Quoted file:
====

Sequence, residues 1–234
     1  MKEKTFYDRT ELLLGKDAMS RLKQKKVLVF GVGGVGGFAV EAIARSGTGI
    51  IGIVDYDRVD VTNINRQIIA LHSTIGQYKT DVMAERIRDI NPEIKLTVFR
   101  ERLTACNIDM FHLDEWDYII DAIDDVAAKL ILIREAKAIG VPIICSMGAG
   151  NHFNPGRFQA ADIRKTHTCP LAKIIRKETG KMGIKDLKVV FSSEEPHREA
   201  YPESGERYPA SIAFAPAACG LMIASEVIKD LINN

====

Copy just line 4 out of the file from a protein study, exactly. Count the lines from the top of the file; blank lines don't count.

   101  ERLTACNIDM FHLDEWDYII DAIDDVAAKL ILIREAKAIG VPIICSMGAG